Does LifeStraw Filter Out Viruses?

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When you need clean water, you want to be certain that what you’re drinking or using for cooking is clean. Many water filtration systems exist that claim to reduce or remove bacteria, parasites, and other impurities, and LifeStraw is an extremely popular example. Does LifeStraw remove viruses?

Standard LifeStraw filters do not filter out viruses, but LifeStraw ultrafilters do. The difference is that regular Lifestraw filters are 0.2 microns across, while their ultrafilters are a tenth as small -0.02 microns across. No LifeStraw product can filter heavy metals or desalinate saltwater.

LifeStraw Personal Water Filter for Hiking

Removes bacteria & parasites: The microfiltration membrane removes 99.999999% of waterborne bacteria (including E. coli and salmonella) and 99.999% of waterborne parasites (including giardia and cryptosporidium)

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In this article, I’ll be going over the capabilities of LifeStraw, how it has been developed and evolved over the years, and more.

How LifeStraw Removes Viruses

Originally, LifeStraw products weren’t capable of filtering out viruses. Rather, they filtered bacteria and parasites. Even now, LifeStraw basic filters do not filter out viruses. 

The standard LifeStraw filters remove, “99.999999% (log 8) of bacteria (including E. coli), 99.999% (log 5) of parasites (Giardia, Cryptosporidium, and others), and 99.999% (log 5) of microplastics.”

As this weakness was pointed out, however, LifeStraw updated its filters and offers more advanced filters. Now, LifeStraw’s ultrafilters can filter “99.999% (log 5) of viruses, 99.999999% (log 8) of bacteria (including E. coli), 99.999% (log 5) of parasites (Giardia, Cryptosporidium, etc.), and 99.999% (log 5) of microplastics.”

For reference, viruses often range around 0.3 microns, while LifeStraw’s standard is around 0.2 microns. However, because many viruses are smaller, this standard filter isn’t guaranteed for use with filtered viruses.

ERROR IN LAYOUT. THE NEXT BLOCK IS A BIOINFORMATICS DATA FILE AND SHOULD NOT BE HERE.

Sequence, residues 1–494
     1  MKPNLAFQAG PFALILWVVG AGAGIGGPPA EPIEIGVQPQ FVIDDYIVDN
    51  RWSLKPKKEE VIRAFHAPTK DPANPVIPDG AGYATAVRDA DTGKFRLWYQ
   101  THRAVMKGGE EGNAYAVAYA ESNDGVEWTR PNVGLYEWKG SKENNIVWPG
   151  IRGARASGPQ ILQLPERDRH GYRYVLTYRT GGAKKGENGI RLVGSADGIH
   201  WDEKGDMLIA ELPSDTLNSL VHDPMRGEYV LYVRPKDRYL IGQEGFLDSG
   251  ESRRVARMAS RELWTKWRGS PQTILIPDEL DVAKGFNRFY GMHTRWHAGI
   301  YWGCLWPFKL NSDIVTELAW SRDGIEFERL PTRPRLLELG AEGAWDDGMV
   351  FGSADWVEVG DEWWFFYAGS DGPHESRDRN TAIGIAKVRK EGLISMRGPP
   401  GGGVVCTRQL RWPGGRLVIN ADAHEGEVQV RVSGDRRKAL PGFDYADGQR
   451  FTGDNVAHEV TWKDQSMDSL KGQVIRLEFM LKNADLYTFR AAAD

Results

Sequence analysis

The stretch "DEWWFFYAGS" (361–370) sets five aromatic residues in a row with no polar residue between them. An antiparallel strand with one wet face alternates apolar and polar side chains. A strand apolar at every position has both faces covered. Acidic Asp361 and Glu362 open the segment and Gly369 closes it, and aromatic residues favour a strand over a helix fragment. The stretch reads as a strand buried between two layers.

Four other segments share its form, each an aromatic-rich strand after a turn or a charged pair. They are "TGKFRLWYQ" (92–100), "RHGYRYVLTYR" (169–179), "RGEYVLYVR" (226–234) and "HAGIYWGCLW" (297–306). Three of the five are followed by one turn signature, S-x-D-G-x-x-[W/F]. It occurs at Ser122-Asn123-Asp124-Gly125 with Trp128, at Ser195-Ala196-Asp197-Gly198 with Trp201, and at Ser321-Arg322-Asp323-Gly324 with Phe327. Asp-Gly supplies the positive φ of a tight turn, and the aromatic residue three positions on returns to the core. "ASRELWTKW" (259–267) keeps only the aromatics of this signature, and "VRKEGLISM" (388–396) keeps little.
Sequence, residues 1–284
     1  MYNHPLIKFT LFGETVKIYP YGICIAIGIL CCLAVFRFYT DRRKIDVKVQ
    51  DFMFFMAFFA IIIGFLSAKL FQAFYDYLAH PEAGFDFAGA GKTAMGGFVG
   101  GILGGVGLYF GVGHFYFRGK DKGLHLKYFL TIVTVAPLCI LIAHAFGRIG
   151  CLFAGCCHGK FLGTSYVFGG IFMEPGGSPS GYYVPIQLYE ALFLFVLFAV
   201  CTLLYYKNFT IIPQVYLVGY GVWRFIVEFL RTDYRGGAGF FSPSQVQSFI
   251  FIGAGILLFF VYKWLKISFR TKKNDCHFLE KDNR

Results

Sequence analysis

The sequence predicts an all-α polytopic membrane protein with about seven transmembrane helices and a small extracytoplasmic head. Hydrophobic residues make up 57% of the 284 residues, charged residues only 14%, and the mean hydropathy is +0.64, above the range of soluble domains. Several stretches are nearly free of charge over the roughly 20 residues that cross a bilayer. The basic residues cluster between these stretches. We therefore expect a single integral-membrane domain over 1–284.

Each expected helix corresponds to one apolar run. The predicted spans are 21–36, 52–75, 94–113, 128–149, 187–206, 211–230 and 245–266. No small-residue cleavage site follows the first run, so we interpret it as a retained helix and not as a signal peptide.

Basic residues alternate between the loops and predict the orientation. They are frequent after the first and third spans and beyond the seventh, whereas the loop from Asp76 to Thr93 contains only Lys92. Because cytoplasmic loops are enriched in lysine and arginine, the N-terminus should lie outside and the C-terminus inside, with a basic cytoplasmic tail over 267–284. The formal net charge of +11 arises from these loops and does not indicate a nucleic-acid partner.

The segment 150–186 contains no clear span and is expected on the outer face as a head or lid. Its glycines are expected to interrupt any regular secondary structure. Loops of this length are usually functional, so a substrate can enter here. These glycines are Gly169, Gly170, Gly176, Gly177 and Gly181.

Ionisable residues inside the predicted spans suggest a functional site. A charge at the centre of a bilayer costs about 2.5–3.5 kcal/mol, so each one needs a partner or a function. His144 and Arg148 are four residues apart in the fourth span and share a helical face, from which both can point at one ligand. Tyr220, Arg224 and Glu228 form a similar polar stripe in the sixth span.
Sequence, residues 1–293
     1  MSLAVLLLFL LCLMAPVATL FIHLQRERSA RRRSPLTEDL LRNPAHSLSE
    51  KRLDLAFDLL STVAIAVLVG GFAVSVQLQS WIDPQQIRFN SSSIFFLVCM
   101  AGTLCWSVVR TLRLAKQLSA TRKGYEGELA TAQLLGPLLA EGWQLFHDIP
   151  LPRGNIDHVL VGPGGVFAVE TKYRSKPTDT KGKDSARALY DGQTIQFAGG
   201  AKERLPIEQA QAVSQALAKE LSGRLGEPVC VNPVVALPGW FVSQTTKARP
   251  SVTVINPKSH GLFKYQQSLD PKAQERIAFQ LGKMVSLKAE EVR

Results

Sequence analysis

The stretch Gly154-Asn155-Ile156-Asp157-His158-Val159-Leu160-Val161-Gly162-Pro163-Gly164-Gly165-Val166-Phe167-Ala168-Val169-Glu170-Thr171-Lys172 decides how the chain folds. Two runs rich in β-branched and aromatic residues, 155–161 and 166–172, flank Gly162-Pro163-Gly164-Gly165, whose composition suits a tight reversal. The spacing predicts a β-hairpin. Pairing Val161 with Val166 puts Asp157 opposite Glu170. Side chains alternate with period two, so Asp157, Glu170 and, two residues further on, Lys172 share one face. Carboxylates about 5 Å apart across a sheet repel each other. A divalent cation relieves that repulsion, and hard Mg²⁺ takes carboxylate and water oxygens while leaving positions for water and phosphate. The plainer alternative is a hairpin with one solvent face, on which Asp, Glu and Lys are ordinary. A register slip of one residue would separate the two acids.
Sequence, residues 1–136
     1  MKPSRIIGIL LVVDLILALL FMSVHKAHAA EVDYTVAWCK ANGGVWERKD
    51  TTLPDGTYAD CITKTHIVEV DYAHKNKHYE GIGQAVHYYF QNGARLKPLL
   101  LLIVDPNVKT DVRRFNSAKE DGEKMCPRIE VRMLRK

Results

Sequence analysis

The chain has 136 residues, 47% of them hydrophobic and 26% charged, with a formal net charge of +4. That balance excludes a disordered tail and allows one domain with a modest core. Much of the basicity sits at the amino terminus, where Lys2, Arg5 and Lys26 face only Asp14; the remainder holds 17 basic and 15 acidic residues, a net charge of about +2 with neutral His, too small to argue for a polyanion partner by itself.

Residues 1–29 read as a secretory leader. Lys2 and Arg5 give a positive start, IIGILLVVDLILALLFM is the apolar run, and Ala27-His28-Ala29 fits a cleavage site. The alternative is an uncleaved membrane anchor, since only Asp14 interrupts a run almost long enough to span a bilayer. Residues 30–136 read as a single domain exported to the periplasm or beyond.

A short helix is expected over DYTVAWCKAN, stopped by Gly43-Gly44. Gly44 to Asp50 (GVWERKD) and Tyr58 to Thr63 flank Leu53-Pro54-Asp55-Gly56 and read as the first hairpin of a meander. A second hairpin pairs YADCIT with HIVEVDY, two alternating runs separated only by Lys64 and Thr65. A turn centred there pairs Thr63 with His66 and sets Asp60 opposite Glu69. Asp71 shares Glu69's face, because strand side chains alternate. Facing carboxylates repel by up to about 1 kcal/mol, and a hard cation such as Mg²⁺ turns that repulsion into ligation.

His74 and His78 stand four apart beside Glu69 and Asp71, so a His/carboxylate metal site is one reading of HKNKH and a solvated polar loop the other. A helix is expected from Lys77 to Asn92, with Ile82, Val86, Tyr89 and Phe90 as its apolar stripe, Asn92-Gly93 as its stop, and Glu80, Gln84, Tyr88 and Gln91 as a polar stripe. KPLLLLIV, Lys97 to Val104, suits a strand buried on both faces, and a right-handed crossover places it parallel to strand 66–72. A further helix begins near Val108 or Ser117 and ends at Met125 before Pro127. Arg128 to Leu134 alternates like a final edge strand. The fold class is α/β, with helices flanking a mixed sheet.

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What LifeStraw Does Not Filter

Up until now, you’re probably thinking that LifeStraw sounds like a miracle solution to contaminated water. Unfortunately, it’s not, because there is no singular ‘perfect’ solution for suitable water purification infrastructure.

LifeStraw filters are 0.2 microns across, which allows them to filter out most bacteria and parasites. Unfortunately, this doesn’t filter every possible contaminant in every situation.

What Lifestraw doesn’t filter includes:

  • Saltwater
  • Urine
  • Heavy metals like lead, chromium, nickel, and other metals.
  • Chemicals

No LifeStraw product is suitable for filtering saltwater because that requires desalination equipment that a simple fiber filter isn’t capable of. This means you shouldn’t pack a LifeStraw as part of a boat emergency kit.

Just as important to note is that LifeStraw does not filter anything that’s dissolved within the water, but rather foreign matter such as bacteria and parasites down to 0.2 microns. This means it can’t filter out lead within water contaminated by old pipes, or any other heavy metals that could be in the water.

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Is LifeStraw Worth The Money?

Since Lifestraw guarantees clean drinking water for 1,000 gallons (4546.09 litters), it’s worth the money. Having a LifeStraw can give you peace of mind in situations like hurricanes, earthquakes, and other natural disasters where clean drinking water is often of critical importance.

Having a LifeStraw in your glove compartment means that if you’re stranded in a remote area and need to walk all day without access to clean drinking water, you can use the LifeStraw to filter out muddy water in any old creek.